Flu Scare Sparks Mass Bird Cull in Hong Kong23 December 2011
HONG KONG - Experts have reassured people in Hong Kong that the discovery of a chicken infected with the potentially lethal H5N1 avian flu virus in a city market on Tuesday raises no cause for alarm.
As a safety precaution, a cull of 17,000 chickens was carried out on Wednesday.
York Chow, secretary for food and health, announced the test result before midnight on Tuesday.
Sales of live poultry in Hong Kong markets were placed on immediate hold for 21 days.
Local hospitals were told to raise their flu alert to "serious" as a precautionary measure.
A laboratory at the University of Hong Kong is now determining whether the virus strain found in the dead bird had mutated, which would have made the virus vaccine-resistant.
The 17,000 live chickens at the Cheung San Wan wholesale market were exposed to lethal gas in an operation that began at about 11 am on Wednesday.
The remains were wrapped in black plastic bags, to be disposed of in a landfill.
Wholesalers will be paid HK$30 ($3.85) for each culled bird under an agreement reached in 2008.
Mr Chow admitted there was a chance that other sick birds at the market had already been slaughtered and sold to the public later in the day.
Mr Chow assured anxious consumers that there is no danger from eating an infected bird, as long as it is properly cooked.
Experts also said health risks are not as great as the mass cull make it appear.
Yuen Kwok-yung, chair of infectious diseases at the Department of Microbiology of University of Hong Kong, said the next two weeks will be critical in determining how extensively the strain had spread since an infected bird may not show symptoms for a week.
Retail and wholesale markets are required to clear all live poultry by the end of trading every day.
Lo Wing-lok, a specialist in infectious disease, said the overall risk remains low at the moment, as the infection has not turned into a massive outbreak and the prevalence of the virus in the environment is presumed to be low.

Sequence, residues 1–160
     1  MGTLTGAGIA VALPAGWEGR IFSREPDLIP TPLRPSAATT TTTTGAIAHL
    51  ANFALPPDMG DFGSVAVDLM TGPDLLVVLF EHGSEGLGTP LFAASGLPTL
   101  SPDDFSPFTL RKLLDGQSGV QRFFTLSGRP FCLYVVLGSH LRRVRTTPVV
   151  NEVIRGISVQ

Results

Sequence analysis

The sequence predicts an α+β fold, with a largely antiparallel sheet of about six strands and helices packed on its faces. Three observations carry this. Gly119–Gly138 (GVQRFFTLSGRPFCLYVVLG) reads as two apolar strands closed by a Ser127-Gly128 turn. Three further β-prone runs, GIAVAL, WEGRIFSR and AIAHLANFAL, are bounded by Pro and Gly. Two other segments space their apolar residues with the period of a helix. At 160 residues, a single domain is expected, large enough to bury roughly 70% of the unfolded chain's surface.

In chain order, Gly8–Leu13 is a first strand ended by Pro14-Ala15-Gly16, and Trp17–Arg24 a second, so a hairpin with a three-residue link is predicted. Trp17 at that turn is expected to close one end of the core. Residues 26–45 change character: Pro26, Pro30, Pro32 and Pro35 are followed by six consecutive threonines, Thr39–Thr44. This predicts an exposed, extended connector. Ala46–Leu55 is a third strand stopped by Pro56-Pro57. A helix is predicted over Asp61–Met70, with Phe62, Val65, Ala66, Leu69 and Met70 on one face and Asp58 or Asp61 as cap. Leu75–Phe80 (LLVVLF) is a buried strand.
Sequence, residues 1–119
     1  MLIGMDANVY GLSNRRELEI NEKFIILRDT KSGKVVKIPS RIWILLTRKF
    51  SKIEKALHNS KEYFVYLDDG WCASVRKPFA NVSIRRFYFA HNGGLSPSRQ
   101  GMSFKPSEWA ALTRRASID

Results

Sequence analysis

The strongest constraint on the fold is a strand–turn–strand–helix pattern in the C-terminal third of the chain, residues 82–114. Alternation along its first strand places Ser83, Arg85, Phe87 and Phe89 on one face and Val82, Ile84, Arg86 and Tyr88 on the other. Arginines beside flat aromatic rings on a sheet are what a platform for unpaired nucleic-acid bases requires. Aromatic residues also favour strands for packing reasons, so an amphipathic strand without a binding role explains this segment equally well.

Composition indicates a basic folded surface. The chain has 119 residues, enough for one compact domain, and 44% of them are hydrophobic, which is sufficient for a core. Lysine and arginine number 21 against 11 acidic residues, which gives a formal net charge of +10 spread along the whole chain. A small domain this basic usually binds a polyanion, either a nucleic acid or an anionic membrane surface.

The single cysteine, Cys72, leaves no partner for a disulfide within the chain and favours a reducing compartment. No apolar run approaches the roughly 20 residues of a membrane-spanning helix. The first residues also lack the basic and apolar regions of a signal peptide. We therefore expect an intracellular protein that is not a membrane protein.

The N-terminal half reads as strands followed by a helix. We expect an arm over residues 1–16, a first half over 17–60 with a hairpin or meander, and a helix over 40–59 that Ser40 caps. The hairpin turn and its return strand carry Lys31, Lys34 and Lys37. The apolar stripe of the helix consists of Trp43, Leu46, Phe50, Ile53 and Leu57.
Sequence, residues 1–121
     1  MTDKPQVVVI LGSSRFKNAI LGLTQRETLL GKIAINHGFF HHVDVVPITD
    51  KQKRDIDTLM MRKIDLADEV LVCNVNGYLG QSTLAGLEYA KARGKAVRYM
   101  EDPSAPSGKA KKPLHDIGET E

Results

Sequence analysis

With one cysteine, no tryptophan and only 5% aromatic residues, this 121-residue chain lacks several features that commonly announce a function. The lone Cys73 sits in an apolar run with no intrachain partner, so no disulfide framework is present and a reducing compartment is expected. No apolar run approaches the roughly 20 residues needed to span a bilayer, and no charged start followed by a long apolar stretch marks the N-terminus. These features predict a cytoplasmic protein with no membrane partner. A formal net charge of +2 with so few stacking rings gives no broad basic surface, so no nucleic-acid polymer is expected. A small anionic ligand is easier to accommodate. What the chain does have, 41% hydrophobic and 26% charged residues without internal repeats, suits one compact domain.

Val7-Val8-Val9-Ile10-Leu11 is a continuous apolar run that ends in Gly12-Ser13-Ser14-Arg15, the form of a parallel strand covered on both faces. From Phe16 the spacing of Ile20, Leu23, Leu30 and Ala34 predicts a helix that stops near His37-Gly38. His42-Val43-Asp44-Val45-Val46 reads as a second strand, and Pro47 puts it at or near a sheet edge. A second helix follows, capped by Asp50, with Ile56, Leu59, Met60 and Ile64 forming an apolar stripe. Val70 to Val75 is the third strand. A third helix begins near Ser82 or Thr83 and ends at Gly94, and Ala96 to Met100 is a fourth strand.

Chickens both from local farms and designated farms on the mainland are vaccinated and inspected before heading to the market, where carcasses are tested for viruses.
The discovery and containment of the flu indicated the system is working, Dr Wing-lok pointed out.
But the investigation into how this particular chicken slipped through the strict preventive regime has proven difficult, because individual chickens are not marked.
Mr Chow said it was "a good question" to ask if a leg band could be fitted to each chicken at poultry farms.
The New Territories Chicken Breeders Association doubted whether its members have sufficient staff to fit a band on every bird. Vice-Chairman Lee Leung-kei asked for financial support from the government if the HK$1 band becomes mandatory.
So far, chickens at local farms have been spared from culls, since no outbreak was visible during inspection of all but one of the 30 local poultry farms on Wednesday morning. Samples were collected for further virus tests.
The alarm went off earlier this month after two wild bird carcasses were found in the New Territories. Both tested positive for the H5N1 flu virus.
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